- Set the first column filter to show any issue with "Dev" flag and value "ToDo", the last to "Dev" flag with value "Done". Set the interstitial stuff to everything else
- Set a quick filter to only show the hot-dev items, that is the immediate to-do and the immediate done, so you can avoid clutter
- Create a Kanban board for QA to work out (or a sprint board, if you think that helps) and use the same tagging method to set the first Dev: Done flagged ticket to have a "QA" with the value "To Do"
- You got it from here, I believe in you!
I am very interested in the way you are dealing with statuses, but would have a few questions for you, though:
- what do your burndown charts look like? Does it help having a better visibility on Developers' work actually been done per sprint?
This is what we would need to change in our team: our workflow includes a QA status (To Do > In Progress > Code Review > QA > Waiting for Release > Done), where we have a huge lack of workforce and accumulate tickets. Unfortunately, the burndown charts only considers the DONE status which comes afterwards, so the results don't reflect their actual work over a sprint.
- if tickets are sent to a separate list when they are on QA, how do you consider effort/time spent on back and forth with developers? Do you include it in a way or another in the current sprint efforts?
Thanks for your replies,
Burndowns are board-specific: The first column is always "To Do"; the last is always "Done", the middle is where it's "In progress". This happens regardless of it your "Done" is called "Code Review" to your devs (while to QA, "Code Review" is "To Do"). Done as so, your Dev board would show the right burndown, assuming you wanted to getting to code-review finished to be your definition of done.
Your QA board would be strange, however, as the Code Review stage, their "To Do", would have no work at the beginning of a sprint (unless you carry over WIP from previous sprints).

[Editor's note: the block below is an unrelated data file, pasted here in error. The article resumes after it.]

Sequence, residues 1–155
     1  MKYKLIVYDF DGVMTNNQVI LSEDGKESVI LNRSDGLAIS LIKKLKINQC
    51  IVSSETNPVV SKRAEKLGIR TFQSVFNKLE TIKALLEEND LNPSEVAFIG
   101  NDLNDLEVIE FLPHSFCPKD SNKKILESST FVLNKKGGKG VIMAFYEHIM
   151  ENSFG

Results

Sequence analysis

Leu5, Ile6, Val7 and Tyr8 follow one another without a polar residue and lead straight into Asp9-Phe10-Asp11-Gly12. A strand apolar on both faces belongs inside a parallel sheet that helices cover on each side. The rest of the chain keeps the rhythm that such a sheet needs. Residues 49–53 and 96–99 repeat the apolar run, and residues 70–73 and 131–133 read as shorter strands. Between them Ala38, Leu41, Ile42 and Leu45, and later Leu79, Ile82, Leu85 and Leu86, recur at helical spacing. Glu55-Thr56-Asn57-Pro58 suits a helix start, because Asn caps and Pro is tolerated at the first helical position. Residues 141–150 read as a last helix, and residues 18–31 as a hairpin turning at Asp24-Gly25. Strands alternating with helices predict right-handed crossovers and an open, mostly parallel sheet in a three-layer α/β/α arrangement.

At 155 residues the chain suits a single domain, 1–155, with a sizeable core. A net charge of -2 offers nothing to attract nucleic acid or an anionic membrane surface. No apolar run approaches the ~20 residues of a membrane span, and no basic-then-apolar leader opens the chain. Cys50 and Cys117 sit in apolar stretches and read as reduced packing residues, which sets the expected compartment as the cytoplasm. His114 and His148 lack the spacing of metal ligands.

I recommended a kanban for QA's working task board, as they are not quite as scrum-timetable. The backlog they added to the Kanban is great for showing upcoming work, and a filter for "is in current sprint" will make it nice and pretty. (Alternately, you could rank tasks by a custom color scheme or similar so that current sprint is top, then next sprint, then future, then backlog.) Anyway... my team uses scrum-fall (water-scrum?) because we are heavily regulated and also they keep changing the rules on us ("they" is our legal counsel, in this case).
Your question about burndowns... they look saw toothed. QA pushes tasks back from "QA In Progress" back past "Dev Done" (aka "Code Review" ) and into "Dev In Progress." If you use a burn up chart that tracks new work as a stacked chart on (well, under) your burndown, you'll be able to see every time the developers failed their unit tests and had to get smacked down by QA.
I like to keep two additional boards: "Sprint Planning," which is only for sprint planning/backlog grooming, and can be tuned to hide/suppress things that the product owners aren't ready for in the backlog. If you run simultaneous sprints, you can put your team-wide initiatives here, with "version x.y" as the goal, with the feature list in the "To Do" and the "Ready to Deploy" in the done collumn. In theory you should be able to do this on the backlog page using the version number, but I didn't see a nice way to nest version numbers (so that 1.2.3.x, the dev release version number, is under 1.2.y.x, the QA release version number, itself nestled under under the 1.z.y.x, the feature level version number, which is nested under the architecture/generation version number). If you have a delivery at a sprint's end, you can use this board, even if it's a multi-sprint delivery schdule.
The other good board is "Standup Status", which has a column for each "hat wearing" role on the board regardless of who currently has it... "BA" has requirements gatherinjg, as well as when the coder in india is confused and kicks it back for clarification, then there's DEV, QA, then PM/PO (Product Manager/Product Owner), and my favorite hat, Architect. He's the one who gets tthe entire board when [C_O of the day] walks into [sprint planning/grooming/standup] demanding we [do something absurd/stupid/company destroying] THAT UNDOES EVERYTHING WE'VE DONE ... hooray agile! Now excuse me, I'm rewriting literally everything...
Oh, make sure to turn on "number of days in column" on the status board, then create a filter that shows any ticket that was at some point assigned to each team member. That way, if everyone dogpiles on the timezone shifter, your lead can see who's really been dropping the ball.
This approach requires you to have the JIRA administrative rights. The main aim of this article is to help you achieve an organized, easy-to-maintain workflows in your JIRA instance thereby, reducin...